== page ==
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Numbers and Censorship

November 3rd, 2010 by Jessika

(Photo by L. Marie via Flickr)

This week I read two articles on subjects I don’t like: math and censorship. One left me feeling somewhat cold the other made me red hot.


Laura Sanders’ article “Safety in Numbers” started off with an interesting though somewhat hokey start. I was willing to forgive the fact that she compared mathematicians to men in capes. After all, why couldn’t they save the world? It certainly seemed the article would show us that they were super and make me forget about the cheesy beginning.

But the article did not. Instead, I found myself somewhat confused and only moderately interested in the article. Don’t get me wrong, the topic itself is fascinating. I love the idea of using math to find terrorists and predict their locations.

At times, I found the article confusing, having to reread paragraphs to fully understand. The last sentence of the second paragraph for example made me do a double take: “From simple formulas that focus on mathematical properties underlying terrorist behavior to immense mega-analyses incorporating billions of information bits, mathematics is becoming and increasingly important weapon in the antiterror arsenal.” As I typed this excerpt, I did find myself understanding what she is saying. But I still find myself a little lost in the first part of the sentence.

As I read on, some of the concepts and tools used by mathematicians became more clear, such as the use of algorithms to find weapons caches and the analysis of data to group terrorists. This clarity made me a little more engaged in the piece. Though, I wanted more. The algorithms and other mathematical tools were only glossed over. Perhaps, this was due to a space issue or the fact that the article did not intend to go in depth. Even so, I would have enjoyed a little more explanation.

In addition, the end of the piece felt like a let down. The article was built up at the beginning to make the reader think that these mathematicians were saving the world. But in the second to last paragraph we find out that researchers don’t even know if the algorithms and theories will even work in the real world. At the beginning, Sanders referred to these people as being “super.” Yet, this second to last paragraph suggests their ideas may not turn out to be as super as she suggests. The quote she ended with also left me with mixed emotions. Here is the last part of it: “There’s still a long way to go her in translating the behaviors that are being learned to policy,” said Subrahmanian. “But we believe this stuff is going to be useful.”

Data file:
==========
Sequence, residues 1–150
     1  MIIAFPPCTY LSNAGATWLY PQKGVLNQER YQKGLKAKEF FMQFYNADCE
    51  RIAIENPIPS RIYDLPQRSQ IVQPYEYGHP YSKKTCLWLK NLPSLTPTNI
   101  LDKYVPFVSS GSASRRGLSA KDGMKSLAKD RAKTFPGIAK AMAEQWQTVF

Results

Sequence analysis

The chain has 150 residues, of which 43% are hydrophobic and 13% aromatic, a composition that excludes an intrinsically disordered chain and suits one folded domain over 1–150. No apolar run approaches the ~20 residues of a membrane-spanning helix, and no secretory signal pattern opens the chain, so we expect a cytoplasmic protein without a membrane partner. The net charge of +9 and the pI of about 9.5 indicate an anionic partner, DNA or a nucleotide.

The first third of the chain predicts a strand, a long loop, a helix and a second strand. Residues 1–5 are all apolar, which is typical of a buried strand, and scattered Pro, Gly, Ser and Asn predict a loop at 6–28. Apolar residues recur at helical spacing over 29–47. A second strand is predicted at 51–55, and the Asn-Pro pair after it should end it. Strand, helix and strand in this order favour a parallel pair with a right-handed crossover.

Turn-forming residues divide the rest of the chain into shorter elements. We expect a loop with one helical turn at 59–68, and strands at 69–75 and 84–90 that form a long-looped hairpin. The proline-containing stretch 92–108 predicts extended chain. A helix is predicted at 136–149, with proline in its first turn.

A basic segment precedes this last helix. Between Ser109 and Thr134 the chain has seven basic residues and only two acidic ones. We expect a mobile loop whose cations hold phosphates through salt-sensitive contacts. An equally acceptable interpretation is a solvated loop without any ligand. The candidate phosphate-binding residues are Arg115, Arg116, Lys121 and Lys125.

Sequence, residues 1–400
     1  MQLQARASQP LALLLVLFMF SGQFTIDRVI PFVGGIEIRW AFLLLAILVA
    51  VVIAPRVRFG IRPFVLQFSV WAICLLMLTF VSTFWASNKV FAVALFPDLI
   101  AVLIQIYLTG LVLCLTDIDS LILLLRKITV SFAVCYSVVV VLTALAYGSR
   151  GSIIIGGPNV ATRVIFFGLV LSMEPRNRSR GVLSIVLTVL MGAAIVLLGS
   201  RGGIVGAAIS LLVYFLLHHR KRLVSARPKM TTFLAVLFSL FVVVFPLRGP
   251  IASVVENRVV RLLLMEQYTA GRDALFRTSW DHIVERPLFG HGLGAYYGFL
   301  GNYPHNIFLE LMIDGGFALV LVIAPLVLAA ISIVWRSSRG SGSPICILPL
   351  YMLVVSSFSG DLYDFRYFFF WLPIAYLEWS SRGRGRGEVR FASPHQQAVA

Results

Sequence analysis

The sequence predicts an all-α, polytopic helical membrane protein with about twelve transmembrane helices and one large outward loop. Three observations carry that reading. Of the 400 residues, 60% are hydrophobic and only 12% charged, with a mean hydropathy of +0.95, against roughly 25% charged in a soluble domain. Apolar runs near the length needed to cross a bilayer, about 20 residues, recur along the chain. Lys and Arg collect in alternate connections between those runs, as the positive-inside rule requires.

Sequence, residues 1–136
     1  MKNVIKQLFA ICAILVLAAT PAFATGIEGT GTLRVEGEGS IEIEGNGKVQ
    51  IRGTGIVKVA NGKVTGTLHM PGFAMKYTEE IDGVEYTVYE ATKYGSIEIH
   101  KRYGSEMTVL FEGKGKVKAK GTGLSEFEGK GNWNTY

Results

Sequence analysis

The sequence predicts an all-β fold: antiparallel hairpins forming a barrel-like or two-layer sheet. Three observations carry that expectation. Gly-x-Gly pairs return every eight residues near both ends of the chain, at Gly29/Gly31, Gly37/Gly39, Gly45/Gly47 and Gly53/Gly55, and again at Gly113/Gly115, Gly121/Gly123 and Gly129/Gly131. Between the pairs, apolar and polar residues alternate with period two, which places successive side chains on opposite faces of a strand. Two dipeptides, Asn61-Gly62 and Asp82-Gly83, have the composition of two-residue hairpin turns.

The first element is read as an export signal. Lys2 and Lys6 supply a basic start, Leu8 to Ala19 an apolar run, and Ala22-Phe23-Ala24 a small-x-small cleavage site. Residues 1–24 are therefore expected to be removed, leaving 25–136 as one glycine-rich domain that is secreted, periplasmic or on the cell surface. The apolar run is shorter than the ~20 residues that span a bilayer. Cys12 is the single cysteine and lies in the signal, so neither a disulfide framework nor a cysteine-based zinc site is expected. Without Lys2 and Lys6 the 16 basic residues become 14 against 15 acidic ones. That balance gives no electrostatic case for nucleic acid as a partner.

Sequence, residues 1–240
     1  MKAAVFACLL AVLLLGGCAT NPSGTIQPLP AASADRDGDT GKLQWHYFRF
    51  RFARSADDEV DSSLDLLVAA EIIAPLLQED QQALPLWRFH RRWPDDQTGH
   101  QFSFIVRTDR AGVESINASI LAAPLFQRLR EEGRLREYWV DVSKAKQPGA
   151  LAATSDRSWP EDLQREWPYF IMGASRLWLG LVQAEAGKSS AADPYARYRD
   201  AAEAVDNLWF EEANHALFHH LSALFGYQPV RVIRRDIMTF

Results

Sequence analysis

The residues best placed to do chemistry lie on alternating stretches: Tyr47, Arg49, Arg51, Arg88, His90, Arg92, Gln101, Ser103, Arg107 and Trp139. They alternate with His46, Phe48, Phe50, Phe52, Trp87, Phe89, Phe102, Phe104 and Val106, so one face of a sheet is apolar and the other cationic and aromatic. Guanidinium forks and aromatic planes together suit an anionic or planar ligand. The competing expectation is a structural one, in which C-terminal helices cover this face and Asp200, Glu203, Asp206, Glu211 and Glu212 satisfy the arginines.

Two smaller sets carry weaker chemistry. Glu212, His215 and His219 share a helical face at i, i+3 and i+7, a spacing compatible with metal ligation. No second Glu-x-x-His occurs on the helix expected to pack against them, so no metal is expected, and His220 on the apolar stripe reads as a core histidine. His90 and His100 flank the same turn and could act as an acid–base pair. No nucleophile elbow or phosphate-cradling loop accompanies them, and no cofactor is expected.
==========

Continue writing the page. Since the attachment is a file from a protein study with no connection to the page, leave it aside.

I found “Speaking Out About Science” by Emily Waltz both intriguing and terrifying at the same time. Waltz opens up the article with Robert Wall, a federal scientist at the U.S. Agricultural Research Service, preparing to give a presentation on cloning. In the presentation he wanted to include the fact that sheep and cattle had been cloned more than 10 years before Dolly  was in 1996. (Dolly was cloned “cloned from an adult cell by nuclear transfer” while the animals before were “by splitting embryonic cells” But before Wall could give his talk, though, he was told by higher ups that he could not include that. No explanation was given to him. This anecdote made me angry. And by the end of the second paragraph, I knew the rest of the story would just make me more angry. Yet, I couldn’t stop reading.

Why would this agency censor something like that if it was true? Before reading this, I had no idea they had cloned animals before Dolly. The media sensationalism when Dolly was cloned made it seem like this was the first time it had happened. If they are trying to keep the truth about cloning hush hush, how much else aren’t they telling us?

The remainder of the story regales tales of scientists being barred from speaking to the media. Waltz talks about how President Obama promised to make federal researchers more accessible. Yet, policies have not been revised and practices haven’t been altered to make good on that promise. At the start of his term, Obama wrote a memo on “scientific integrity” requesting the director of the White House Office of Science an Technology Policy put together a series of recommendations on the scientific integrity of federal agencies. Currently, though, those recommendations still haven’t been done. The administration claims the delay is due to a complicated process that includes public input and consultations. But does that really take two years? How long are these recommendations going to be?

This surprised me. I knew things were bad for science under the previous administration. But I didn’t realize things still weren’t quite going so well under Obama.  Earlier this year, an ARS scientist was barred from talking to NPR about a paper on pests near genetically engineered crops. This continuing censorship has led some scientists to go rogue and not ask for permission to speak with the media. It has also deterred some scientists from even working for the government.

Have no fear, though. This will change, because administration officials say the integrity recommendations will be out by the end of this year. I won’t hold my breath.

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